Wood shop class at Newton Learning Center helps students with autism build confidence

Published: Apr. 27, 2022 at 11:40 AM PDT
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RENO, Nev. (KOLO) - Students with autism can have a wide variety of skills, abilities and interests. And at a special education school in Reno, kids across the spectrum are using power tools and blocks of wood to build confidence.

Inside Mr. Brad Hayes’ woodshop class at the Newton Learning Center, the green group is hard at work sawing and sanding their own bread boards. Each one is as unique as their creator.

“We want skinny on this second project,” Hayes encourages the class. “These students here do better with their bread boards than my college students do.”

Hayes teaches students from approximately 3rd grade through all of high school. Each age group expands their woodworking skills project by project.

Fifteen-year-old Samuel Ryan McMahon has come a long way since his first assignment.

“I made bird houses the first thing that came in here and they were really cool,” he said. “I still have them up in my house.”

The students learn learning what each power tool does, how to be comfortable using each of them.

“What I like the most is the sliding miter saw because it cuts wood easily,” McMahon said.

Hayes says these kids really know how to make art out of wood.

“When I start speaking artistically, some of these girls just light up and go, ‘Oh yeah we could do this and that.’ And they start thinking and expanding on one idea and it’s fun to teach and see them come to life,” Hayes said.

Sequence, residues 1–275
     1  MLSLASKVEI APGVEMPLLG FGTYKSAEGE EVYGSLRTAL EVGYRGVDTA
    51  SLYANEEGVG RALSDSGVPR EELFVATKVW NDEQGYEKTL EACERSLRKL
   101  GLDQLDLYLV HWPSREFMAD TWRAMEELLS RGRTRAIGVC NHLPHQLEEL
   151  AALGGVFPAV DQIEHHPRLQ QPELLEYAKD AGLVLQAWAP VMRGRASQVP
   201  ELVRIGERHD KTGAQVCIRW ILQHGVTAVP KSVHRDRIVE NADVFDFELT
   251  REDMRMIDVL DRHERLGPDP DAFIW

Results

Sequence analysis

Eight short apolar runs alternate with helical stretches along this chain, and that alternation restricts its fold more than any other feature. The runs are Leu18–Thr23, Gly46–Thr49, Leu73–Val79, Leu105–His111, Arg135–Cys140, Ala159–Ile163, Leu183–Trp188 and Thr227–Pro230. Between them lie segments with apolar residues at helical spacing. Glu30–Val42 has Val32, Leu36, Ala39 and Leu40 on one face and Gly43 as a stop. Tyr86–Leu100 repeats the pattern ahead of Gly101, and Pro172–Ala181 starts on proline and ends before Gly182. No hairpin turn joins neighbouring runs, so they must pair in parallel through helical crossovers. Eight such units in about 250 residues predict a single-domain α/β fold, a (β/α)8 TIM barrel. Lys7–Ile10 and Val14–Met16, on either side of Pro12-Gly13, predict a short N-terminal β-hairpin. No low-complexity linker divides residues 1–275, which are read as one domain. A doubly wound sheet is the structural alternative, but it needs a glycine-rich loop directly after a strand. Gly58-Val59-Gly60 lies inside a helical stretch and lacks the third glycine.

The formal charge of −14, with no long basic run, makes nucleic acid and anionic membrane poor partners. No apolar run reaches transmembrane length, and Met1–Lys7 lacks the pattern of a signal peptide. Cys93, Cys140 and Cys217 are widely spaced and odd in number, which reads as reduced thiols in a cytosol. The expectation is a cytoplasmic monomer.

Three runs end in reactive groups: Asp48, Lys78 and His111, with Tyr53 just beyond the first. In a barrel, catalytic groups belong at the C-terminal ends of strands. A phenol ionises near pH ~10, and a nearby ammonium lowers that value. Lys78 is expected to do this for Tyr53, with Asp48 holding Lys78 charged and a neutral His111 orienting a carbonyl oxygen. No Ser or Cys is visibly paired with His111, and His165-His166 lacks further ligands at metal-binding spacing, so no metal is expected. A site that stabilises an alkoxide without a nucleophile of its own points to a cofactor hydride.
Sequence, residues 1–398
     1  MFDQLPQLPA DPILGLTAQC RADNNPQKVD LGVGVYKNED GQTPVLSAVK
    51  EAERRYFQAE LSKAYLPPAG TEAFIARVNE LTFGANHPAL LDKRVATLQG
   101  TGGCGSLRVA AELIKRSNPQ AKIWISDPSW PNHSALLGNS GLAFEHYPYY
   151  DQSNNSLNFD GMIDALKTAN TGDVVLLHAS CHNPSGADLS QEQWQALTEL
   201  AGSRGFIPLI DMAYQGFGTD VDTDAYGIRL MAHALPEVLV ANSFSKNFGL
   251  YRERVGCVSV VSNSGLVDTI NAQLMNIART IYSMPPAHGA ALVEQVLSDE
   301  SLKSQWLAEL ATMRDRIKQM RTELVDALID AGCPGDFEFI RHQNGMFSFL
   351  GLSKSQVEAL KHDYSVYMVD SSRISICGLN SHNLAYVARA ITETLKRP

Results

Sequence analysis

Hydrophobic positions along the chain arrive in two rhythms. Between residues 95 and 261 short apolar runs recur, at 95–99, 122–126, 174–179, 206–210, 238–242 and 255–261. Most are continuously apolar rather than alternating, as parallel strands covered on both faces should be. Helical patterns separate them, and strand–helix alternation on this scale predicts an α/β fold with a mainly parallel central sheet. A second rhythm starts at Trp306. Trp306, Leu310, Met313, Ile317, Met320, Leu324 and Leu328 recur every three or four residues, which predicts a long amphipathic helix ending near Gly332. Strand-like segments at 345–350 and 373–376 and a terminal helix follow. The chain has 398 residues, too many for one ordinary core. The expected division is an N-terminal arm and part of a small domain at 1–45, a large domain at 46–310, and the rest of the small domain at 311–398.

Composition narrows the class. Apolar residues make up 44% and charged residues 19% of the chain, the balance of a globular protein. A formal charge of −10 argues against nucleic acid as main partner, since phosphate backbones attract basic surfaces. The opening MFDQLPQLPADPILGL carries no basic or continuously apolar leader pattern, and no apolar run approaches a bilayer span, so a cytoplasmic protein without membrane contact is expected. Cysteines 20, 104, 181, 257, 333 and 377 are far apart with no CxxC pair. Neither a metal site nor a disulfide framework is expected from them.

Kaiya Hertell, 16, is one of those flourishing students who’s artistic eye has taken a shining to wood work which was actually a big reason she wanted to come to the newton learning center.

“I love doing art and I would love to do something about it instead of drawing or using paint,” she said. “And they’re like, ‘Well, this school has woodshop. Here you go.’ And I’m like yes!”

They are also becoming well-versed in the importance of paying attention and safety equipment like glasses and ear muffs.

“You can’t be messing around or goofing off,” Hertell said. “Mr. Brad has taught us a lot for the safety in woodshop and like I said, they’re really important. You do not want to ignore his warnings because then you’re going to have mistakes.”

“Some tools in here, my hands are on their hands,” Hayes said. “I wouldn’t think of any other way to do.”

And even so, he sees just how much their confidence can grow in a short amount of time.

“Newton kids are good,” Hayes smiled. “They think differently. They’re a little bit slower, but they’re so good. I love them.”

And the feeling is mutual.

“He’s a really cool teacher,” McMahon said.

“I really like Mr. Brad actually,” Hertell said.

But just to check that the feeling was genuine, KOLO 8′s Katey Roshetko asked, “Did he pay you to say that?”

“No,” Hertell said. “No bribes! If he did bribe me I would bring out the money and be like, ‘I got the money.’

April is autism awareness month. Newton Learning Center is hosting 4th Annual Newton Invitational Golf Tournament and Dinner Saturday, April 30 at the Washoe Golf Course. Check in starts at 11 a.m.; the game starts at 1 p.m. at the Washoe County Golf Course (2601 Foley Way).

Tickets are $150 for one person or $550 for a group of four. Ticket prices include the green fee, cart, range balls and dinner. And if you’re not a golfer, you can come for the food and drinks for just $50.

There will also be raffle prizes, including for the first time ever, two chances to complete the hole-in-one-challenge for $1 million!

All the money raised will go toward NLC so that they can continue to support kids with autism and provide a healthy, thriving educational environment for them to learn at their own pace. Click here for more information about how to donate.

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